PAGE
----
The beavers here are hard at it. Their dam isn’t getting much attention but the food supply is and deforestation proceeds apace. Too bad that beavers like black ash way more than buckthorn or barberry.

The now-leafless trees reveal how much water tree leaves soak up. Puddles don’t dry up at all these days, unlike a couple of months ago.

A band of low clouds is flying off to the southeast, while the higher ones proceed northwards in a more stately manner. Perhaps the atmosphere is always busy, but it’s not often so visible. Down here, there’s no wind at all.

The droughty September conditions in Vermont emptied wells and turned goldenrods just about crispy. But, consequently. logging conditions were good and now, a few rains later, loggers are complaining about mud.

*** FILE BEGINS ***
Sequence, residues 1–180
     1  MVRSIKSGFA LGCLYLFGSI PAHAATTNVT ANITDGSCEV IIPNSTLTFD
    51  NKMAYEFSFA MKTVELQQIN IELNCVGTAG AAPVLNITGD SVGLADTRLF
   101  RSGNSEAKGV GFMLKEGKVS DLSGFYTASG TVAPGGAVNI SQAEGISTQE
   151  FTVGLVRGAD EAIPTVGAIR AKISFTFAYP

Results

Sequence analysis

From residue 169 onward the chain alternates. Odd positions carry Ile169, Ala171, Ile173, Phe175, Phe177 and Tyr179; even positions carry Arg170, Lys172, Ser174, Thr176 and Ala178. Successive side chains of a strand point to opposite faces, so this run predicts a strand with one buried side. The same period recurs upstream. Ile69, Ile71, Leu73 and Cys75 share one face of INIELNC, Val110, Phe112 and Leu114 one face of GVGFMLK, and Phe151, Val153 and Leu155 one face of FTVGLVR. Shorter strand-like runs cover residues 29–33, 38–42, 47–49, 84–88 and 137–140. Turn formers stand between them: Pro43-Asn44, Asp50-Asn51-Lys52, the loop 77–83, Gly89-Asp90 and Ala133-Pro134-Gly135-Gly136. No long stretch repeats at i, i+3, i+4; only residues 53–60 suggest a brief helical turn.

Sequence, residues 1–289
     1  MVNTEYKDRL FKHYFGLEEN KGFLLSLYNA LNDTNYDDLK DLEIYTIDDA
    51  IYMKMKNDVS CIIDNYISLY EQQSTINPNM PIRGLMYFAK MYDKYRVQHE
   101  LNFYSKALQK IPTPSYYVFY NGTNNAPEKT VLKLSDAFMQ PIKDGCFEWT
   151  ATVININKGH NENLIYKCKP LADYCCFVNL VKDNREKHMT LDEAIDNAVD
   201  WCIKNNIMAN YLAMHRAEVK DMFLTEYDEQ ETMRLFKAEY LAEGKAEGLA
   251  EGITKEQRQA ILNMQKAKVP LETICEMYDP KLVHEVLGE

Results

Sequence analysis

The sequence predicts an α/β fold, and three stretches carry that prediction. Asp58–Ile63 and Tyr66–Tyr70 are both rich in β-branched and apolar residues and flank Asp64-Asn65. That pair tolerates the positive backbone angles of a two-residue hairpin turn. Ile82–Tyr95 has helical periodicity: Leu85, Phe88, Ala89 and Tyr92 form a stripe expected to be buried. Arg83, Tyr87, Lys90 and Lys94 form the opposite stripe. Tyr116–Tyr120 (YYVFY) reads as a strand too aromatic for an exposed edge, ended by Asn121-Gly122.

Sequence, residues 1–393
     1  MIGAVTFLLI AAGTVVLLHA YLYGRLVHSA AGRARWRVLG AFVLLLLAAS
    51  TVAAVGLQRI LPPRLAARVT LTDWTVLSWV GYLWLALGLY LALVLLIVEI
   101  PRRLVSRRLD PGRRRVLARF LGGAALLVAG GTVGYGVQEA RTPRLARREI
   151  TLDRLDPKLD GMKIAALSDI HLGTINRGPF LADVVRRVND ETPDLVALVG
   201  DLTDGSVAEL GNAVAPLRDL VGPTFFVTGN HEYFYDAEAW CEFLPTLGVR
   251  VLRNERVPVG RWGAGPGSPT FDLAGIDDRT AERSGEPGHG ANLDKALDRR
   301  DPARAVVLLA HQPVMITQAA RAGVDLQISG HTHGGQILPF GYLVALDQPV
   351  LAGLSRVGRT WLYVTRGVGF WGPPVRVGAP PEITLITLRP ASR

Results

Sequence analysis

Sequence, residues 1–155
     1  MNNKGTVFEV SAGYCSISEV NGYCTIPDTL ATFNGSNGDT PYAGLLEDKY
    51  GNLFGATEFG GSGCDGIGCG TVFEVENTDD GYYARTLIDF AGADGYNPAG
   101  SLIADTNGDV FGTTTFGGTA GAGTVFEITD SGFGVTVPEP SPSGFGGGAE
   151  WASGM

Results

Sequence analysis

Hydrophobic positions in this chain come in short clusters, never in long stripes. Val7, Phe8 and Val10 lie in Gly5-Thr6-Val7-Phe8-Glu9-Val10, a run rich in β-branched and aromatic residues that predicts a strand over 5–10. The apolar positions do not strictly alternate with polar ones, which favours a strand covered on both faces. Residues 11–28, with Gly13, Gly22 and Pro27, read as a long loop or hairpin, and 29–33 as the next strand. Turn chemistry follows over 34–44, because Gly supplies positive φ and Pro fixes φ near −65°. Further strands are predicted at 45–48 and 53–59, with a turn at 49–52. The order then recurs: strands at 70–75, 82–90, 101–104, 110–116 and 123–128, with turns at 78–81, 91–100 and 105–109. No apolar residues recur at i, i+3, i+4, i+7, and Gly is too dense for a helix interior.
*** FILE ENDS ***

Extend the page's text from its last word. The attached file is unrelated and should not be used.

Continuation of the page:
There should be a nip in the air now but instead we bask in temps in the 70s. The comfort of warmth comes with an undercurrent of worry.

There’s not much to find that’s edible in the woods now. But the woods in early morning are spectacularly beautiful.

Finally, a rainy day, but a cold rainy day, and as I was fretting about the chilled birds in our yard, a junco dived into a roof run-off puddle to bathe. It looked so happy as it vigorously shook and wiggled. A new perspective, for sure.

Blueberries are the best looking cultivated thing going. The mix of yellow and red in the leaves is strangely appealing.

It’s time to forgive blackberries for all the scratches they inflict in the summer. Now their red-purple leaves are the best looking wild thing going.

I’m happy to have the company of western conifer seed bugs in the house in the winter. They are beautiful – try looking with a hand lens to get the full picture – and not harmful. Just trying to keep warm.